Friday, April 6, 2012

GE Cuts Wind Costs 65%: 5 Cents/Kwh Wind Achieved

When a world class manufacturer like General Electric enters a business, quality goes up and prices come down.  That's what has happened with wind power, since General Electric began making wind turbines. 

Just since 2003, General Electric has driven the cost of wind power from its turbines down from 15 cents per kilowatt-hour to 5 cents per kilowatt-hour, a 65% reduction.  See page 31 at:

As GE notes in its presentation to investors, the 5 cents per kilowatt-hour price is without any subsidies.  That number makes wind power cheaper than new nuclear and new coal. It would be competitive with a new natural gas plant, if gas prices were at about $4 per thousand cubic feet and higher. The falling price of wind power is a key to the global wind boom that has seen about 240,000 megawatts of wind installed around the world, with nearly 50,000 megawatts in the USA.

Huge companies like General Electric and Siemens that is the leader in offshore wind can make big change happen quickly.  The wind pricing revolution has been completed in less than a decade.  Remarkable.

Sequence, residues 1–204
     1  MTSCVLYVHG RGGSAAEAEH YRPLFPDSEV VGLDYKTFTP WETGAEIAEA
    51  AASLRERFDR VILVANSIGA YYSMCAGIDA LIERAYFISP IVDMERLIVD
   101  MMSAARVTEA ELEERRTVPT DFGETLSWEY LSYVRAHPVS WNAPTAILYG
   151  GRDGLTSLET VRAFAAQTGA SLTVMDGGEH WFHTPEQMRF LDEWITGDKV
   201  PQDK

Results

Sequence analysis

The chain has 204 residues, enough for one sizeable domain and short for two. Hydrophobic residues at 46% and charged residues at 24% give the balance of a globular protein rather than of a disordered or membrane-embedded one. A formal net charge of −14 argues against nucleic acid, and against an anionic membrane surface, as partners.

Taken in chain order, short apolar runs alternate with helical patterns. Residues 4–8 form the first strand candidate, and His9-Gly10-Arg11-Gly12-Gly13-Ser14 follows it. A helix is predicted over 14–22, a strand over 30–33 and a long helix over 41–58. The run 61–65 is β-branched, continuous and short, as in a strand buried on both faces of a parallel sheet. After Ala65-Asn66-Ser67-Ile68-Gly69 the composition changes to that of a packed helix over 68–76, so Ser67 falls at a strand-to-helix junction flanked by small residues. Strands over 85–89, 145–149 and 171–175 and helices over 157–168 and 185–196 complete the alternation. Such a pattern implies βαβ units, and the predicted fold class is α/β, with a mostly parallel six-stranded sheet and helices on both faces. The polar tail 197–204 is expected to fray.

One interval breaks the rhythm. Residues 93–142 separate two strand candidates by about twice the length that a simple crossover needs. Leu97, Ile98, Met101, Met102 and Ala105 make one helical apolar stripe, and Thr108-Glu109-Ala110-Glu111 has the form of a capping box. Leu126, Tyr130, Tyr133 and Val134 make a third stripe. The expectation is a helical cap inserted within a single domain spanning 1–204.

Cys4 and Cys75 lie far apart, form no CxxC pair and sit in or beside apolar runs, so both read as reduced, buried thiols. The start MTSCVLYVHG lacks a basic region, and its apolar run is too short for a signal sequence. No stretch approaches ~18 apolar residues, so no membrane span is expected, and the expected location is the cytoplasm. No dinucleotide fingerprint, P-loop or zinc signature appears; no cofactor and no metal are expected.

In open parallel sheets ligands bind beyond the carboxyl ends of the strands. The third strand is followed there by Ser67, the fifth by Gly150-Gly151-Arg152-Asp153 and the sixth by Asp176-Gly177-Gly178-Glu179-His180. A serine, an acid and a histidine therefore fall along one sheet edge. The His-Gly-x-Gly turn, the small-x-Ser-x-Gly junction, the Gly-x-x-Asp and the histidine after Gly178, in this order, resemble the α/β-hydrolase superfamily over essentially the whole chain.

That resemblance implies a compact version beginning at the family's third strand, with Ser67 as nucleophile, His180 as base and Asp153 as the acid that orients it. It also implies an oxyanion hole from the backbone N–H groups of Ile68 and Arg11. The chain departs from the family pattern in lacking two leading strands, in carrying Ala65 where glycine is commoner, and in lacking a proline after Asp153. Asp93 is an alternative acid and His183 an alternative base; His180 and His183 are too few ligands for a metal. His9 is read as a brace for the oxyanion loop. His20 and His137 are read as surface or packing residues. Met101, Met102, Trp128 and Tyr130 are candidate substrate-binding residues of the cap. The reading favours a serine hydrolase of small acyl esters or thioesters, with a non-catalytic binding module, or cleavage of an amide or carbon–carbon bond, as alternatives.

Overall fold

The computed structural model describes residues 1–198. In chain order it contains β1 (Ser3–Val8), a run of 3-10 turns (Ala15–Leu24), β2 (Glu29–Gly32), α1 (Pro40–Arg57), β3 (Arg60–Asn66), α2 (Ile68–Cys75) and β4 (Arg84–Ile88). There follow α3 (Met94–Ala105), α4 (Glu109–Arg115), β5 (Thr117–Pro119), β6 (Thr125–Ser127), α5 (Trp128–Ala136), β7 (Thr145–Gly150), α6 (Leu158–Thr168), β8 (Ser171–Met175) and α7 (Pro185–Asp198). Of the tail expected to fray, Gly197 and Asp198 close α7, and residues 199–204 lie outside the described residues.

1. I'm a bit confused about what this 5 cents per kwh means. In a previous post you explained (or at least this is how I understood it) that energy is priced according to a bidding system in which the cost of the last unit of energy needed by the system sets the price for every unit of energy used. If my understanding of this pricing set-up is right, it wouldn't really make sense to talk about wind energy having a set price of 5 cents per kwh, so my question is does the 5 cents per kwh just refer to the marginal cost of producing the wind as opposed to its market price? I obviously don't expect you to respond to this in detail, but maybe in a future post you could clarify this issue - I at least would find it very interesting and helpful.

  2. As you will see on page 31 of the GE presentation to investors, the 5 cents number is the levelized cost of energy. That number is not a price but a cost. It reflects the capital costs of constructing the turbine and other costs. It is not the marginal cost or price.

    You are correct to note that the levelized cost is not the same as a market price of electricity, nor is it the same as the production cost. The production cost of wind is very low, typically 0.5 cents per kilowatt-hour, since wind has zero fuel cost. The low production cost of wind allows owners of wind farms in competitive wholesale electricity markets to bid zero to insure that they are dispatched and to take whatever price is set by the highest generator needed to meet the load at the point in time. Now the market price will always be above the low production cost of wind but it will not always be above the levelized cost of wind, or any just about any other form of generation.

    1. that is very clear. thank you!